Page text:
Physical activity promotes mobility and independence ( Pahor et al., 2014 ), helps to prevent and manage a variety of chronic diseases ( Lee et al., 2012 ), reduces the risk of falls and related injuries ( Gillespie et al., 2012 ), and enhances physical, mental, and social health ( Bauman, Merom
Dawn C. Mackey, Alexander D. Perkins, Kaitlin Hong Tai, Joanie Sims-Gould and Heather A. McKay
Kelley K. Pettee Gabriel, James R. Morrow Jr. and Anne-Lorraine T. Woolsey
The selection of the most psychometrically appropriate self-report tool(s) to measure specific physical activity constructs has been a challenge for researchers, public health practitioners, and clinicians, alike. The lack of a reasonable gold standard measure and inconsistent use of established and evolving terminology have contributed to these challenges. The variation of self-report measures and quality of the derived summary estimates could be attributed to the absence of a standardized conceptual framework for physical activity.
To present a conceptual framework for physical activity as a complex and multidimensional behavior that differentiates behavioral and physiological constructs of human movement.
The development of a conceptual framework can provide the basic foundation from which to standardize definitions, guide design and development of self-report measures, and provide consistency during instrument selection.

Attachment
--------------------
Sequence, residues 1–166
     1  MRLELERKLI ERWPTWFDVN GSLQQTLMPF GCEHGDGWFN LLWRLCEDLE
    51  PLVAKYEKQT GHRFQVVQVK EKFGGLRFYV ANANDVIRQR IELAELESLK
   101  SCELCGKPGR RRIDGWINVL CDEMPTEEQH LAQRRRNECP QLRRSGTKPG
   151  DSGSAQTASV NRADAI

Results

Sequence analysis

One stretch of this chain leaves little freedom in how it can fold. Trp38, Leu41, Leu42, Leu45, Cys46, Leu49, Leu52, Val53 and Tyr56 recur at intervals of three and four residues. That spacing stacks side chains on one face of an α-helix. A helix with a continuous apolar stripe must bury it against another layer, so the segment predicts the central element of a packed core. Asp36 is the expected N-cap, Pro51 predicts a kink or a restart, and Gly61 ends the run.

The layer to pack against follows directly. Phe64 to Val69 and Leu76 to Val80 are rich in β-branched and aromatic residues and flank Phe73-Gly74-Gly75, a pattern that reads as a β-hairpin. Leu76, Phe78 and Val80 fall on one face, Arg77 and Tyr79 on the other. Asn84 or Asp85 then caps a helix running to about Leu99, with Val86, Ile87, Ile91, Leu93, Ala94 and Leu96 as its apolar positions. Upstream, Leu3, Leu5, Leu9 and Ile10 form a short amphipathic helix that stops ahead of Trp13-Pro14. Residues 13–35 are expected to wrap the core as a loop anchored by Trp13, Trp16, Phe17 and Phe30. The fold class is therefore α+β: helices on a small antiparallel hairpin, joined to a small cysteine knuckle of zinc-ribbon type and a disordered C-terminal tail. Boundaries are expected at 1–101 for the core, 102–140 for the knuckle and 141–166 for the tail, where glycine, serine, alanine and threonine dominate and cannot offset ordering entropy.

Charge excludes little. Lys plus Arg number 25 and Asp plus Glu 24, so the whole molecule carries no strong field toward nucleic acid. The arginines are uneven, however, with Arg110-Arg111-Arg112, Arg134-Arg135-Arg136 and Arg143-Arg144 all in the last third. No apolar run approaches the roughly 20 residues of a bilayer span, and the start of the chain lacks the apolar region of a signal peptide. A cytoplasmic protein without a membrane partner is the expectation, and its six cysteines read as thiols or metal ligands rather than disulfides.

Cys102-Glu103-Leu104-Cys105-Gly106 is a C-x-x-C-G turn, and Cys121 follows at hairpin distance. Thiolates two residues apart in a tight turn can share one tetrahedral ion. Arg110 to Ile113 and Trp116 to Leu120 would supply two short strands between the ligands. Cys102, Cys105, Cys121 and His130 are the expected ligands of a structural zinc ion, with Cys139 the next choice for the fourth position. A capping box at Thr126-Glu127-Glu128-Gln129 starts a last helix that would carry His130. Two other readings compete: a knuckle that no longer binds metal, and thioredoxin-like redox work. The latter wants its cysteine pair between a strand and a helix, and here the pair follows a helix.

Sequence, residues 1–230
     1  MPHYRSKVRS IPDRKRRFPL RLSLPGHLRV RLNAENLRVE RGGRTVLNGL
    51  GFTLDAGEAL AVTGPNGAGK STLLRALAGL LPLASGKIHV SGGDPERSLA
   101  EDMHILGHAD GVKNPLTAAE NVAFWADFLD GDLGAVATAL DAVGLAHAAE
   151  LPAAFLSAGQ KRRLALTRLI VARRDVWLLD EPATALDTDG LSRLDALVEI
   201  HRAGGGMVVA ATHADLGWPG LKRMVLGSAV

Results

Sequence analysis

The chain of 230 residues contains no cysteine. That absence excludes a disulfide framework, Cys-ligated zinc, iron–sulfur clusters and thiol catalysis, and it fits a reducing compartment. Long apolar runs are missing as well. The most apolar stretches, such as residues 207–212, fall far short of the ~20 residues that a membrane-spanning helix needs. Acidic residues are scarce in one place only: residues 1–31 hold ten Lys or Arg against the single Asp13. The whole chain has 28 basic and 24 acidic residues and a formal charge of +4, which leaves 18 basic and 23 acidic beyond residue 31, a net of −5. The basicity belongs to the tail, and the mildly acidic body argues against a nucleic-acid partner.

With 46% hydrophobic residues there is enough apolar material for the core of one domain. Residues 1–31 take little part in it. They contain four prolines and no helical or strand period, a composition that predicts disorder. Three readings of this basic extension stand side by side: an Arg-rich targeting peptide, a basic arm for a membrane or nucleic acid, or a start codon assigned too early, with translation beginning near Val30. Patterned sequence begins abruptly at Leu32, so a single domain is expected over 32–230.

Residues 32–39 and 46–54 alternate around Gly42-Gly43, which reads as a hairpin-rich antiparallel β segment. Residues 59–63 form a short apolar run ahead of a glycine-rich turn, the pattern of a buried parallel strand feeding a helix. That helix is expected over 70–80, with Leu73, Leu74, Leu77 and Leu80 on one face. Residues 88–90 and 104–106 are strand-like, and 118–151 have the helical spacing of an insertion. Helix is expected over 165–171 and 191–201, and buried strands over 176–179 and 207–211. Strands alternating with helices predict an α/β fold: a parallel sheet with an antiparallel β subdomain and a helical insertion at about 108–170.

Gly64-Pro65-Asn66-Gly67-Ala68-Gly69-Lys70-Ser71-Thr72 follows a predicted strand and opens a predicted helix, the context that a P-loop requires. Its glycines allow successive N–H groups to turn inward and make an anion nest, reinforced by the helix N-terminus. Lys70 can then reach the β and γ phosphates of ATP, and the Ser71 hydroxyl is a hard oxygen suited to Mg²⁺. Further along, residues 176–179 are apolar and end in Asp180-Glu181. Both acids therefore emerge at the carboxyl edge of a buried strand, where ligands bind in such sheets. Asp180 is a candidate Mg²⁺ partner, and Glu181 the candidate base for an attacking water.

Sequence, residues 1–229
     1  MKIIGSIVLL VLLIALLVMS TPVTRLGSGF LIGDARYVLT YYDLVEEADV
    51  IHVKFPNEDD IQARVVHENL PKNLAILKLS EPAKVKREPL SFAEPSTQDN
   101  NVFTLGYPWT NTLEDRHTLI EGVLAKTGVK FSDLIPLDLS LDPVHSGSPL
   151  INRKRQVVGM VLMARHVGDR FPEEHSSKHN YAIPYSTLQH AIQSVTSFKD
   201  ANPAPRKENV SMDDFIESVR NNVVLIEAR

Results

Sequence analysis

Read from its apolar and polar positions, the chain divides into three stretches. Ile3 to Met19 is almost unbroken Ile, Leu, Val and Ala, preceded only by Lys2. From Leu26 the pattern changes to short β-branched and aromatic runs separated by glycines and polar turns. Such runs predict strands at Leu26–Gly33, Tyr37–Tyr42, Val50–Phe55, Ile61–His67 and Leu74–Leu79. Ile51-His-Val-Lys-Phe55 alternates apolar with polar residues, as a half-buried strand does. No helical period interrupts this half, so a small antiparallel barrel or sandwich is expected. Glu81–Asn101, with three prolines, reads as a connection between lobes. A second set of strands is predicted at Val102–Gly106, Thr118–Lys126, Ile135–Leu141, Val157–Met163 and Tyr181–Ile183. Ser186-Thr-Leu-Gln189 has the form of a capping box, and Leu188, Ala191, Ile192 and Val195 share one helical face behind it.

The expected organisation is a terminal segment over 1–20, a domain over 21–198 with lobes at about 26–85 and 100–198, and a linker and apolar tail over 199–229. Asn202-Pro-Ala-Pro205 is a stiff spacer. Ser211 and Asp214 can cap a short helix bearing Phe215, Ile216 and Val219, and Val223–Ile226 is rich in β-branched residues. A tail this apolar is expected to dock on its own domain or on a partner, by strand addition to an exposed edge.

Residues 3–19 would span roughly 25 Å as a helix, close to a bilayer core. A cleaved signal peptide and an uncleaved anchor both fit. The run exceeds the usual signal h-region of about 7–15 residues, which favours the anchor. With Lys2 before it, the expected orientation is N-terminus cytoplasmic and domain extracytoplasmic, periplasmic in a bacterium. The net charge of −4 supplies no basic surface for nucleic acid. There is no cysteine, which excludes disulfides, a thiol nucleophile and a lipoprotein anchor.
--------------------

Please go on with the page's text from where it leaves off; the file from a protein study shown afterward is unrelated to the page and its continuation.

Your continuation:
Based on our proposed conceptual framework for physical activity, we suggest that physical activity is more clearly defined as the behavior that involves human movement, resulting in physiological attributes including increased energy expenditure and improved physical fitness. Utilization of the proposed conceptual framework can result in better instrument choices and consistency in methods used to assess physical activity and sedentary behaviors across research and public health practice.
Eric Tsz-Chun Poon, John O’Reilly, Sinead Sheridan, Michelle Mingjing Cai and Stephen Heung-Sang Wong
used validated instruments to quantify the overall bone-specific loading nature of various physical activities (PAs) among jockeys. Recent studies examining bone health in jockeys have also assessed endocrine function. It is hypothesized that suboptimal bone density is attributed to the disruption of
Richard P. Troiano, Kelley K. Pettee Gabriel, Gregory J. Welk, Neville Owen and Barbara Sternfeld
Advances in device-based measures have led researchers to question the value of reported measures of physical activity or sedentary behavior. The premise of the Workshop on Measurement of Active and Sedentary Behaviors: Closing the Gaps in Self-Report Methods, held in July 2010, was that assessment of behavior by self-report is a valuable approach.